As a $179-million film that is not a sequel, comic book adaptation nor remake, “Jupiter Ascending” is that rarest of projects in modern Hollywood — an original idea, lavishly and expensively made. The Warner Bros. film features 2,700 visual effects shots and a single, aerial chase sequence that the Wachowskis shot for six minutes a day over three months to take advantage of pre-dawn light on the Chicago skyline.
The movie comes at a time when the Wachowskis are at a crossroads professionally. After 20 years of making visually ambitious films that deal with knotty philosophical and political themes, the most recent of which, “Cloud Atlas” and “Speed Racer,” stumbled commercially, they are contemplating just how they fit into an industry that plans to spend its biggest budgets making more than 40 movies based on superhero comics — many of them sequels — over the next six years.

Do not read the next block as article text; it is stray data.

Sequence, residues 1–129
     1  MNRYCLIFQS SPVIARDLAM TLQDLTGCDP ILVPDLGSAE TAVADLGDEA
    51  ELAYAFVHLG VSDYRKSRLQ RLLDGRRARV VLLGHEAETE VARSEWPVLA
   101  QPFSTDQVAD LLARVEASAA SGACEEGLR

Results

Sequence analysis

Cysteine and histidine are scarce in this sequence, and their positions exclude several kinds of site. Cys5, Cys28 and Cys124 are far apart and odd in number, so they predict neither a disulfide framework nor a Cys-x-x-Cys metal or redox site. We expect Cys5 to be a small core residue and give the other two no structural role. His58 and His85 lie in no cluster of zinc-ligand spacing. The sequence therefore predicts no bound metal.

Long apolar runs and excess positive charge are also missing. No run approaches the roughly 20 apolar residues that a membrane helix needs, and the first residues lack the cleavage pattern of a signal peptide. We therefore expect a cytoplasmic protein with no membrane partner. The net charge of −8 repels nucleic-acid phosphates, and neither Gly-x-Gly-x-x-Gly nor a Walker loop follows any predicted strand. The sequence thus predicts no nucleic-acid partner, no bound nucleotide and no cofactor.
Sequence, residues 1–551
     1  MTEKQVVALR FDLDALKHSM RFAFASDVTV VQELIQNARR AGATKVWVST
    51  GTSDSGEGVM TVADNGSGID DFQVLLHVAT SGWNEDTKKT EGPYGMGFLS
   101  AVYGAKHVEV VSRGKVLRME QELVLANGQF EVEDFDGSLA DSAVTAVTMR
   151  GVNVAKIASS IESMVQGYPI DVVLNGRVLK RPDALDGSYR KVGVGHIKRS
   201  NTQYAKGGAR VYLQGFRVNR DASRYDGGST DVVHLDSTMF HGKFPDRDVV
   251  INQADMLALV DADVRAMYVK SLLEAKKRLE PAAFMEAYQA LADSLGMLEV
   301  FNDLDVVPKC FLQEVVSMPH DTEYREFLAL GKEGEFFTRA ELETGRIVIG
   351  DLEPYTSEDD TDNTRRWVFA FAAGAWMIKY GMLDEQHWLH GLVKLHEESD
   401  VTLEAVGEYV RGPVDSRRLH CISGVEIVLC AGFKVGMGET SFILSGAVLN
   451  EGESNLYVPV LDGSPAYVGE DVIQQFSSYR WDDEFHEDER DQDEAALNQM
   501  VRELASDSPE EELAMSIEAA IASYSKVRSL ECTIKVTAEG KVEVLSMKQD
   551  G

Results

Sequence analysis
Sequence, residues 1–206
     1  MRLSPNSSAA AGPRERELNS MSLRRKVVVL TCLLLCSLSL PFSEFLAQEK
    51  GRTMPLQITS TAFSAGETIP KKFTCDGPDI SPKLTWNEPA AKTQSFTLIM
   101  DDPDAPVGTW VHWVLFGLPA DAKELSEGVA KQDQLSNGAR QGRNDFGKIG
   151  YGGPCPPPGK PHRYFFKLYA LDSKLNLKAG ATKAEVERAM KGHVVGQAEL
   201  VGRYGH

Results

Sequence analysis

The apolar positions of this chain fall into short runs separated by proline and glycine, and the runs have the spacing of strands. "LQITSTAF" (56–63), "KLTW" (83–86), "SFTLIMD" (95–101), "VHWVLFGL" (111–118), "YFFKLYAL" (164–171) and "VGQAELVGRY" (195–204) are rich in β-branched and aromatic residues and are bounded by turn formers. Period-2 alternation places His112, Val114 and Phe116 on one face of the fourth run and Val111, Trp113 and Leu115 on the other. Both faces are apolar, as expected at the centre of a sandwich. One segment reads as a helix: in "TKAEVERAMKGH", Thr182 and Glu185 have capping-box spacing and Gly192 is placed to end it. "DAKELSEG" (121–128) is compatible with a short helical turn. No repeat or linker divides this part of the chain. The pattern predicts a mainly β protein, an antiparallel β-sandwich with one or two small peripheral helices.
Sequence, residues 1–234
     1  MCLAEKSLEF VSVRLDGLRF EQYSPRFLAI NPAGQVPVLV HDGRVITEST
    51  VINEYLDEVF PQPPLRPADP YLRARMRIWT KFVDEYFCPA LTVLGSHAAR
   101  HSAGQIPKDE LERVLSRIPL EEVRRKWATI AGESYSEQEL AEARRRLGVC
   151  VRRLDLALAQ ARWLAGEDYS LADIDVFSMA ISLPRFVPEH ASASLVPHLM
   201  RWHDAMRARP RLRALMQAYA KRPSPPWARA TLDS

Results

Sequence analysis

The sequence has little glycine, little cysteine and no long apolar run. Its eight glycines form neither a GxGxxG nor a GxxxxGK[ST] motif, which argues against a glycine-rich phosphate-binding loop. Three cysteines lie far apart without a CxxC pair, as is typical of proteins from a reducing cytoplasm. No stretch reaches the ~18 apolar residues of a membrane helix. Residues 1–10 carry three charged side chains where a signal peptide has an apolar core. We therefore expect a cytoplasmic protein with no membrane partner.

“We’re sort of oddities in that we keep making original movies,” Lana said. “How long will that last? I don’t know, in the current cultural climate. When I was young, originality was everything. A sequel was like a bad word. We’ve gone to the opposite place where [audiences] actually are more excited about a story we know the ending to, and we become obsessed about, ‘Oh, did they move that character?'”
Like their movies, the Chicago-born siblings are difficult to slot into neat categories.
Lana, 49, born Larry, is a transgender woman with pink dreadlocks and an exuberant, labyrinthine way of speaking — “How did you like that segue?” she said, after linking a personal question back to themes in her film. “That was one martini, too.”
Andy, 47, seems like the kind of man Carl Sandberg might have had in mind when he called Chicago the “city of the big shoulders.” He’s blocky, basso-voiced and more reserved than his sister, but he also wears dark nail polish, wonders about the misogynist subtext of action films and delivers the efficient one-liners that punctuate Lana’s commentary.